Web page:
Fibrotic diseases remain a major cause of morbidity and mortality, yet there are few effective therapies. The underlying pathology of all fibrotic conditions is the activity of myofibroblasts. Using cells from freshly excised disease tissue from patients with Dupuytren's disease (DD), a localized fibrotic disorder of the palm, we sought to identify new therapeutic targets for fibrotic disease. We hypothesized that the persistent activity of myofibroblasts in fibrotic diseases might involve epigenetic modifications. Using a validated genetics-led target prioritization algorithm (Pi) of genome wide association studies (GWAS) data and a broad screen of epigenetic inhibitors, we found that the acetyltransferase CREBBP/EP300 is a major regulator of contractility and extracellular matrix production via control of H3K27 acetylation at the profibrotic genes, ACTA2 and COL1A1 Genomic analysis revealed that EP300 is highly enriched at enhancers associated with genes involved in multiple profibrotic pathways, and broad transcriptomic and proteomic profiling of CREBBP/EP300 inhibition by the chemical probe SGC-CBP30 identified collagen VI (Col VI) as a prominent downstream regulator of myofibroblast activity. Targeted Col VI knockdown results in significant decrease in profibrotic functions, including myofibroblast contractile force, extracellular matrix (ECM) production, chemotaxis, and wound healing. Further evidence for Col VI as a major determinant of fibrosis is its abundant expression within Dupuytren's nodules and also in the fibrotic foci of idiopathic pulmonary fibrosis (IPF). Thus, Col VI may represent a tractable therapeutic target across a range of fibrotic disorders.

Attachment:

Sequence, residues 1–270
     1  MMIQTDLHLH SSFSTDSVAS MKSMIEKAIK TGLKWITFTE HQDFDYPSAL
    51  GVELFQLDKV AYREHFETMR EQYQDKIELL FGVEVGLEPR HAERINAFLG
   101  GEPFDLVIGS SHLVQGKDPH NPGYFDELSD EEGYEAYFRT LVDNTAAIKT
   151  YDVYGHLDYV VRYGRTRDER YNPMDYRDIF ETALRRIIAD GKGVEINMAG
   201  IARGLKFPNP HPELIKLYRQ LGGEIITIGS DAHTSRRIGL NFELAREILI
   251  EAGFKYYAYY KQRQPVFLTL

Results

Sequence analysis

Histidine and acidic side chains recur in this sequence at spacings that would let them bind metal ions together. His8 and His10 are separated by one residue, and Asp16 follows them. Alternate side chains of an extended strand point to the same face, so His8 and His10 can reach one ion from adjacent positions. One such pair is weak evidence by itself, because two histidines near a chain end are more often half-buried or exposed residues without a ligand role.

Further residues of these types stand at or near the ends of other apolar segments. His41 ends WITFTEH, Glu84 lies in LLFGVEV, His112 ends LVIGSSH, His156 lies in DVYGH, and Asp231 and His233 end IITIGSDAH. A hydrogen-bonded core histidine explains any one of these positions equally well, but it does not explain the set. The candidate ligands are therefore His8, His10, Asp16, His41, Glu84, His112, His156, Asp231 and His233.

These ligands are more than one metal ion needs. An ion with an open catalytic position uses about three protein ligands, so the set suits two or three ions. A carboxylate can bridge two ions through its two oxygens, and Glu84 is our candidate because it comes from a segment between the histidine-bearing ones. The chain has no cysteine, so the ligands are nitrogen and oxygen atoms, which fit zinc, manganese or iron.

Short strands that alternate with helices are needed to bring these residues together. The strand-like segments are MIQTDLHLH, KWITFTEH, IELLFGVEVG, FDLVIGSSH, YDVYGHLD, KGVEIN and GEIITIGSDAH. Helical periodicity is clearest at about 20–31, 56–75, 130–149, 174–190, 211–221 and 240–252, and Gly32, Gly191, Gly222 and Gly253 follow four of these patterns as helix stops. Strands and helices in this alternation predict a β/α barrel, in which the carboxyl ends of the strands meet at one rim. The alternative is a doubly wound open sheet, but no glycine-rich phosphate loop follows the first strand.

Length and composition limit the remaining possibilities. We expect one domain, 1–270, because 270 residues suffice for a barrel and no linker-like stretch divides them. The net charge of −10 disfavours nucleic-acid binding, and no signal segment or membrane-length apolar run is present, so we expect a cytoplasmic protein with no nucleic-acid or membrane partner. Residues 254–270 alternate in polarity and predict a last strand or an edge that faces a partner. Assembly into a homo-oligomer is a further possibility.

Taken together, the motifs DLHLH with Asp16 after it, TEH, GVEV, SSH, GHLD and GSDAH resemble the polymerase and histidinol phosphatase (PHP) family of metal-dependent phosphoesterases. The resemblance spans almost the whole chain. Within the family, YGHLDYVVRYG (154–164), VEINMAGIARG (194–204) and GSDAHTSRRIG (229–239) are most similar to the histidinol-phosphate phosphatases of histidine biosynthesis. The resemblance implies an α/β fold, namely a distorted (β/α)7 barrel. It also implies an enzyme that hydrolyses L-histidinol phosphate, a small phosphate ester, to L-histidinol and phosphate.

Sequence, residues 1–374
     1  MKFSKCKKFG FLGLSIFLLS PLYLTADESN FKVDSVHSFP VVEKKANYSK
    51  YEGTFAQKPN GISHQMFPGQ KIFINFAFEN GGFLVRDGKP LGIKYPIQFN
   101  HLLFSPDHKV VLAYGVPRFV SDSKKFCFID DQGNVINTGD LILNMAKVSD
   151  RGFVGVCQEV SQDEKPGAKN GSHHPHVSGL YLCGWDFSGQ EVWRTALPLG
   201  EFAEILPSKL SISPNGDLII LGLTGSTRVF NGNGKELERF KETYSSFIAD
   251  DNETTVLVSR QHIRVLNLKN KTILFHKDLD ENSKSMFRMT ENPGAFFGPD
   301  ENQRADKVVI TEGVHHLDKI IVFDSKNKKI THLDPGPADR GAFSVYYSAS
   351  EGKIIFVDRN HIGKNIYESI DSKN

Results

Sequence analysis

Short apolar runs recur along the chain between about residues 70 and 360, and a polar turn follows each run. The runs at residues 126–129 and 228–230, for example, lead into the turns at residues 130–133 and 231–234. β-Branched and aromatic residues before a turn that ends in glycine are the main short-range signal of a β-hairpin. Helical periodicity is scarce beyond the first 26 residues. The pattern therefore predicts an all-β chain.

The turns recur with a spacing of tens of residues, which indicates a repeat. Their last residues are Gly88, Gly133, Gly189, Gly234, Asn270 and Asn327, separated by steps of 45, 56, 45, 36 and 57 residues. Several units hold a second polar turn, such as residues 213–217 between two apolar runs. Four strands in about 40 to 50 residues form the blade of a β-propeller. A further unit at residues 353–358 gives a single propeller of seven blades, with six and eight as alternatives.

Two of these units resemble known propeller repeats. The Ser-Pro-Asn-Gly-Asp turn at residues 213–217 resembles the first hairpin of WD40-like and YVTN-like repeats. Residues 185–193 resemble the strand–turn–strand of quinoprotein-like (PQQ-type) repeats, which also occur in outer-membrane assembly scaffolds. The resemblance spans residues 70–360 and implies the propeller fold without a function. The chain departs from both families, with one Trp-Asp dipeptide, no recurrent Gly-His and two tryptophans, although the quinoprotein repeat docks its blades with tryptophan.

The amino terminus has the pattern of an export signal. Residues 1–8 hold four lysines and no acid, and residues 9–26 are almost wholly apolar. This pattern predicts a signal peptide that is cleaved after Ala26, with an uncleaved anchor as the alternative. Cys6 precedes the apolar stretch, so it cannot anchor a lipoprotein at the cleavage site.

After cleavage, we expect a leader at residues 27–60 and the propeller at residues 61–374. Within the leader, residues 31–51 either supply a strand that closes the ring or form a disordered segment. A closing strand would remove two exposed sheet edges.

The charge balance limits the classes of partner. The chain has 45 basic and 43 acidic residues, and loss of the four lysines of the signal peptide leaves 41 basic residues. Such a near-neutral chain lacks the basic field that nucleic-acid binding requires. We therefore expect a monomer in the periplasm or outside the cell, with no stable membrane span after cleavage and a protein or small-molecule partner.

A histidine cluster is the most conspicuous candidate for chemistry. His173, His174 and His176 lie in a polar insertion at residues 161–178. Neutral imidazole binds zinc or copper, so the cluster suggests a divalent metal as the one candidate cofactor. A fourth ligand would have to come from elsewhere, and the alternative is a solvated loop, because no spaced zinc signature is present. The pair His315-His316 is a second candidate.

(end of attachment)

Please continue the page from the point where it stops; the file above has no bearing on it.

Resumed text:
Proc Natl Acad Sci U S A
20753 - 20763
EP300, collagen VI, epigenetic, fibrosis, CREB-Binding Protein, Cell Proliferation, Collagen, Collagen Type VI, E1A-Associated p300 Protein, Epigenesis, Genetic, Epigenomics, Extracellular Matrix, Fibroblasts, Fibrosis, Genome-Wide Association Study, Humans, Myofibroblasts, Proteomics, Transforming Growth Factor beta, Transforming Growth Factor beta1